‘Kurdistan’ and the art of self-censorship in Turkey
Recent news reports have shed light on the extent of censorship and self-censorship in Turkey’s publishing and entertainment sectors, with references to Kurdistan being removed or toned down in international works ranging from the 2005 film “V for Vendetta” to Ottoman explorer Evliya Çelebi’s iconic 17th century travel book, the “Seyahatname”.
The Turkish state’s advocacy of a nationalism that is deeply at odds with the country’s minority populations, particularly its largest ethnic minority, the Kurds, is at the heart of this propensity for censorship, experts say.
This has led to serious contradictions between Turkey’s official version of history and – besides the scholarship widely recognised around the rest of the world – documents and artefacts from its own imperial history.
Thus, the massacre of as many as 1.5 million Armenians during World War One, which is recognised as genocide by most scholars and many nations, is dismissed by Ankara as self-defence amid the chaos of war, according to Turkish writer Perihan Mağden, who has faced multiple lawsuits for her work.
Similarly, the state’s official history, and some iterations of nationalist Turkish scholarship, have at times denied the existence of a Kurdish ethnicity, describing them instead as “mountain Turks.” The word “Kurd,” this reading of history explained, comes from the sound of footsteps in thick mountain snow.
This denial of Kurdish identity is so entrenched in Turkish public life that the word “Kurdistan” is viewed by the state as an indicator of links to outlawed Kurdish political groups, as a recent court case showed.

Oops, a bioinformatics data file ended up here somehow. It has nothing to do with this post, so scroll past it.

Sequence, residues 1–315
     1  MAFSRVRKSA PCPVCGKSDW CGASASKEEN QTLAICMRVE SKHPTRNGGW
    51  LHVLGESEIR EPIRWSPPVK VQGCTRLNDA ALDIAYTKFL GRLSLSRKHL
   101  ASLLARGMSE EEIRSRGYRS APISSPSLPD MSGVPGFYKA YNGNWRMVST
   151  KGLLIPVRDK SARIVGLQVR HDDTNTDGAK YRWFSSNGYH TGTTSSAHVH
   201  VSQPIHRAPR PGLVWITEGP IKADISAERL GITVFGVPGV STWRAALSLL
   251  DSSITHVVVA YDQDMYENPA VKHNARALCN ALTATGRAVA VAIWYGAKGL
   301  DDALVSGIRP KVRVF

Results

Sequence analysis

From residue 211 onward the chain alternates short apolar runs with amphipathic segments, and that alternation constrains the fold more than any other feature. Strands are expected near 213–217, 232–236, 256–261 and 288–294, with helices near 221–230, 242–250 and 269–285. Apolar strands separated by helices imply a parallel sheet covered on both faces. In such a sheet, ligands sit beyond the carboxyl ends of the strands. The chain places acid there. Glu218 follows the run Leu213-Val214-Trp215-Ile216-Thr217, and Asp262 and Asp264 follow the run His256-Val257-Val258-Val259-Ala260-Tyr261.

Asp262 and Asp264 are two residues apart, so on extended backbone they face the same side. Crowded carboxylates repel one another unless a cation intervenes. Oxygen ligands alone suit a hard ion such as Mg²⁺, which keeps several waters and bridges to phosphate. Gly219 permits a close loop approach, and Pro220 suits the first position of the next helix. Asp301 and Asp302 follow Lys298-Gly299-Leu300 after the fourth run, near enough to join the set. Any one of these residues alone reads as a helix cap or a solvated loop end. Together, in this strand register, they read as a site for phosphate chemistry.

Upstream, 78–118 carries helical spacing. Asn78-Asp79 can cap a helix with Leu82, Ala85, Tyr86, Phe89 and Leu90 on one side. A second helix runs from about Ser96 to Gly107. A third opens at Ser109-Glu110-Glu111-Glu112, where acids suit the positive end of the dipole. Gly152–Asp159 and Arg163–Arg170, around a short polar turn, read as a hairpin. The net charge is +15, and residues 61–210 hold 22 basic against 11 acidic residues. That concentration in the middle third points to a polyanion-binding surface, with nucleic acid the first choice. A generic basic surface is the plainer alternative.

Depending on setting and context, the word can be either a geographical term -- referring to the contiguous Kurdish majority areas of Iran, Iraq, Syria and Turkey -- or a political objective, referring to a long-envisioned independent state.
Ankara’s logic seems to be that any person who uses the word “Kurdistan” must support the creation of an independent Kurdish state -- the initial objective of the outlawed Kurdistan Worker’s Party (PKK), which has been fighting an insurgency in Turkey for 35 years. In recent years, the PKK has shifted to a demand for equal rights and Kurdish autonomy.
In the southeastern province of Batman, a suspect used the word while giving testimony. This led to the prosecutor asking for “membership in a terrorist organisation” to be added to the charges and requesting the highest possible sentence.
When defence lawyer Şirin Şen objected, stating that “Kurdistan” referred simply to a geographical area, the court demanded a defence from her, as well.
Meanwhile, senior figures in the AKP use the word when it suits them, as the party’s candidate in this year’s Istanbul mayoral election, former prime minister Binali Yıldırım, did in an attempt to win over Kurdish voters. This was a stroke of luck for Mehmet Sanrı, who was on trial for using the word himself. The charges were dropped on the basis that government officials had used it.
“If Mr. Yıldırım hadn’t said the word ‘Kurdistan’, I would have been punished, or that’s how it seemed to me,” said Sanrı.